Since I wrote about Leonard Cohen last month, I have been thinking about an obsession we share, an addiction to beauty.
We’ve been having one of those amazing California Decembers where the afternoon light is so intensely honeyed and clear that you feel you are living inside an immense topaz. This time of year, I take my walk around 4 o’clock whenever I can, timing it so that I turn at the midpoint just before the sun drops behind the hills across the Bay, just when the passing egrets begin to glow like so many sunsets on snow. There is a place where the path curves onto a little bridge over the wetlands. Sometimes I see a heron standing in the reeds, preening its long neck like a snake charmer’s cobra. Light turns the clustered heads of pampas grass into feathery torches. When the clouds begin to burn a deep coral pink, sometimes I feel so overflowing with the extreme splendor of it all, I have to stop and catch my breath.
Those are the moments I live for. Lately, I have been thinking why.
I can say how it feels. My Hebrew is not at all fluent, but the word that occurs to me is in that language: “shleimut,” having the same root as “shalom” (shin-lamed-mem). Like shalom, it has many meanings: wholeness, completeness, perfection. As I walk along, swinging my arms through the crisp afternoon air, I think, yes, this is why I have a body: to smell the sunlight on water, the faint perfume of wild fennel drying on the stalk; to hear the profusion of birdsong; to receive the light pouring in through my eyes, filling me as wine fills a goblet.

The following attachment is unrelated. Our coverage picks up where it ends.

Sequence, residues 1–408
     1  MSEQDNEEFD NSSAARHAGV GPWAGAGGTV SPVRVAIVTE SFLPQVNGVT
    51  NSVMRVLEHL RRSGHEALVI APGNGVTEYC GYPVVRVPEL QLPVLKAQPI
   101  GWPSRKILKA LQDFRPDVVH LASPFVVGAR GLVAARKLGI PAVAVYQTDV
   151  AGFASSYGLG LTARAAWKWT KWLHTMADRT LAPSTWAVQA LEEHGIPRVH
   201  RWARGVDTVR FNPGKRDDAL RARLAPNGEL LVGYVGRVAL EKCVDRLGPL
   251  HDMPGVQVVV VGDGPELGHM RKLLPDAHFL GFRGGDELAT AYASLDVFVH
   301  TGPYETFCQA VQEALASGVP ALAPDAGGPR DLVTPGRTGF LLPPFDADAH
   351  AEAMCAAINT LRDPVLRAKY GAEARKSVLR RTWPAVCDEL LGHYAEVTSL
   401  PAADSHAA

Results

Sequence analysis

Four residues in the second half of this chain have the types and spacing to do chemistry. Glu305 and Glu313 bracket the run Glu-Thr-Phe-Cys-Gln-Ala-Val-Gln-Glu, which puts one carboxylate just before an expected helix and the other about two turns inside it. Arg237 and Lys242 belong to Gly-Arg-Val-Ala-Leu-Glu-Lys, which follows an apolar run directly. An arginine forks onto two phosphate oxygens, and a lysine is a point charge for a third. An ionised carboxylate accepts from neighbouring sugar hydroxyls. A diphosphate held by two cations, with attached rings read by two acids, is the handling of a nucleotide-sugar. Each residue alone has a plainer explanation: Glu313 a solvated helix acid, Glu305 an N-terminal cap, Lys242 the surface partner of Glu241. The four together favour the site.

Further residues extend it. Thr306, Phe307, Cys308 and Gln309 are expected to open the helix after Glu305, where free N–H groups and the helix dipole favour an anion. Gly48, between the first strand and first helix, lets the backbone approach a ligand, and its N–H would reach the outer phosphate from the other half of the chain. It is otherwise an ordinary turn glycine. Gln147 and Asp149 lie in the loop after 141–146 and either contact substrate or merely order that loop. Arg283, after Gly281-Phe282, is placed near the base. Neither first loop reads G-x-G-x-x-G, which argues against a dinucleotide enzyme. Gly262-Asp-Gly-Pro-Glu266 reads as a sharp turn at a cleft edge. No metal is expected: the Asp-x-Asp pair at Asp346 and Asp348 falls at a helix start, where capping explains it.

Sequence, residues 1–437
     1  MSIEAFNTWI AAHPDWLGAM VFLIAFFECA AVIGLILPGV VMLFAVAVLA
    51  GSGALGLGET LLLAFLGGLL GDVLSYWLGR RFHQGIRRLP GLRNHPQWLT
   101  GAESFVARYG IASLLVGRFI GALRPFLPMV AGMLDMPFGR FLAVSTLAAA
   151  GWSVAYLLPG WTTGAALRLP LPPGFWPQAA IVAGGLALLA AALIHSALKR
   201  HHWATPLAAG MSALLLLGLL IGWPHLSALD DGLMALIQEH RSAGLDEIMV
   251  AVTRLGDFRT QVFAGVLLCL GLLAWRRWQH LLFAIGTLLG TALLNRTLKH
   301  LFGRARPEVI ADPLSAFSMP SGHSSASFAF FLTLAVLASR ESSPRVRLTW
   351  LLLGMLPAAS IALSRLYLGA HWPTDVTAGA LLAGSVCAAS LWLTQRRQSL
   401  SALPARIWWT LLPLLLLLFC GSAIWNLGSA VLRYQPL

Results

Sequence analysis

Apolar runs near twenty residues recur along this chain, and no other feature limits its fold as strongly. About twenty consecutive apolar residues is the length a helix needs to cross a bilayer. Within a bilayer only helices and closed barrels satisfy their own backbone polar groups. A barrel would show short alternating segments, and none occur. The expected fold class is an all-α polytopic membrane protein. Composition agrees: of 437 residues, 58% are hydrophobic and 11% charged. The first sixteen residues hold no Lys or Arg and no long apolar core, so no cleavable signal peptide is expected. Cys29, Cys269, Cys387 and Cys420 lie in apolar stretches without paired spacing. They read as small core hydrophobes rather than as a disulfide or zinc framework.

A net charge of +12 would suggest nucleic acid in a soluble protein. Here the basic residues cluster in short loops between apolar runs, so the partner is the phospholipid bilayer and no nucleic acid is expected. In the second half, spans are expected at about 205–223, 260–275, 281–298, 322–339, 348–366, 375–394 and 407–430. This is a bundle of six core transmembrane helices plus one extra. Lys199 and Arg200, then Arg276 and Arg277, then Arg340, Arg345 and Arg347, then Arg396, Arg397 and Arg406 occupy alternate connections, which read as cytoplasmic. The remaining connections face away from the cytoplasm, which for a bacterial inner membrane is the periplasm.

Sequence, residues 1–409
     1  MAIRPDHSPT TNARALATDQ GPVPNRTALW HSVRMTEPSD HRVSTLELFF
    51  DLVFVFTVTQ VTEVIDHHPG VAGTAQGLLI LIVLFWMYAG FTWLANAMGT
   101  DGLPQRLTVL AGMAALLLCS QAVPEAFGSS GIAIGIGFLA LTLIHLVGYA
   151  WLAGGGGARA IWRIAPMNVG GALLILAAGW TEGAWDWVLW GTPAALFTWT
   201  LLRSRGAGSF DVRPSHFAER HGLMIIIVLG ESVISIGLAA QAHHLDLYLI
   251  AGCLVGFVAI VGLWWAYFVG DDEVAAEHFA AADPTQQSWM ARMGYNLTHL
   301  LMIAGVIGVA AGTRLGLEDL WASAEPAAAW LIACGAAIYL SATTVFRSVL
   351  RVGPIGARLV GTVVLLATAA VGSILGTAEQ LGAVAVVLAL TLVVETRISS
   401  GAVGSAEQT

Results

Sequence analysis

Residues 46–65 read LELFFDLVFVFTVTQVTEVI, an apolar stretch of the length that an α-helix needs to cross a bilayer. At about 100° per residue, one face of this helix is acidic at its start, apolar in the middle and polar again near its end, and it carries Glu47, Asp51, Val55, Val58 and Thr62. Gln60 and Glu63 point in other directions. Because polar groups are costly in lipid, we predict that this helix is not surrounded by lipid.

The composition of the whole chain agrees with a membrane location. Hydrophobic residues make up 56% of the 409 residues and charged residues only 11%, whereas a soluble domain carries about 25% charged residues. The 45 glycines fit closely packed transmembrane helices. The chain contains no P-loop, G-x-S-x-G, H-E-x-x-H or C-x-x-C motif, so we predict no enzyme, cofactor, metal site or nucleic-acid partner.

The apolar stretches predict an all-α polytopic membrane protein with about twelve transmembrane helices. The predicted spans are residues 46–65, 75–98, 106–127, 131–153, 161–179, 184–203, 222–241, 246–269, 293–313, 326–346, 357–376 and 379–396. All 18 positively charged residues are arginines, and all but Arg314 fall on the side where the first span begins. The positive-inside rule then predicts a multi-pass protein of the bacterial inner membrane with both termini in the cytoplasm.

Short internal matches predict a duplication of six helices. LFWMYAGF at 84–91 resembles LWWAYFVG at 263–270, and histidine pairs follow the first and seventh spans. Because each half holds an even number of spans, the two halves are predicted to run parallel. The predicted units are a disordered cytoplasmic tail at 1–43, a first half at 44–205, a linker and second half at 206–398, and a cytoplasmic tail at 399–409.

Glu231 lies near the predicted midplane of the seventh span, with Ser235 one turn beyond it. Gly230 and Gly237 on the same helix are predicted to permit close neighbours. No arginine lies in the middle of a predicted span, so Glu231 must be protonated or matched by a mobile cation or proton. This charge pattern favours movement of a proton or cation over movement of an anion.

Cohen’s “Love Itself,” a sad and beautiful song, includes two verses that depict the experience of shleimut even in the humble glory of dust carried glittering through the air:
All busy in the sunlight
The flecks did float and dance,
And I was tumbled up with them
In formless circumstance….
Then I came back from where I’d been.
My room, it looked the same –
But there was nothing left between
The Nameless and the Name.
During today’s walk, I listened on my beloved iPod to my sixties playlist: Neil Young’s “Birds,” Van Morrison’s “Beside You,” and Lou Reed’s “Coney Island Baby” were followed by the Shirelles: “Dedicated to the One I Love.” By what alchemy do these songs of love and loss wind themselves around the herons and tidepools to create shleimut? I don’t think it’s a simple matter of nostalgia; even though each piece of music reminds me of a moment, I have no wish to return to them. Rather, they evoke the sublime thing about aging: that the libraries in our heads are stacked to the ceiling with stories and images, so that in the space of a walk by the water, I can fly between decades as easily as the cloud of birds on the horizons spans the shore, yet always remain aware of the dry grass stretching before me in countless rows resembling the fur of an enormous lion.
As I think on it, this seems the opposite of nostalgia, because the other thing about growing older is the knowledge that everything we love will leave us after all. It’s probably been 45 years since I first read William Carlos Williams’ unsentimental poem “The Last Words Of My English Grandmother,” with its tale of a journey by ambulance and its then-unfathomable last stanza:
What are all those
fuzzy-looking things out there?
Trees? Well, I’m tired
of them and rolled her head away.
In the end, the power of beauty—what makes it and us shleimut—is its unique ability to convey the knowledge that there is only now. To the forces of the universe that have vouchsafed me this experience, and in the hope I will be permitted to repeat it more times than I can count, I can say only one thing.
Thank you, thank you.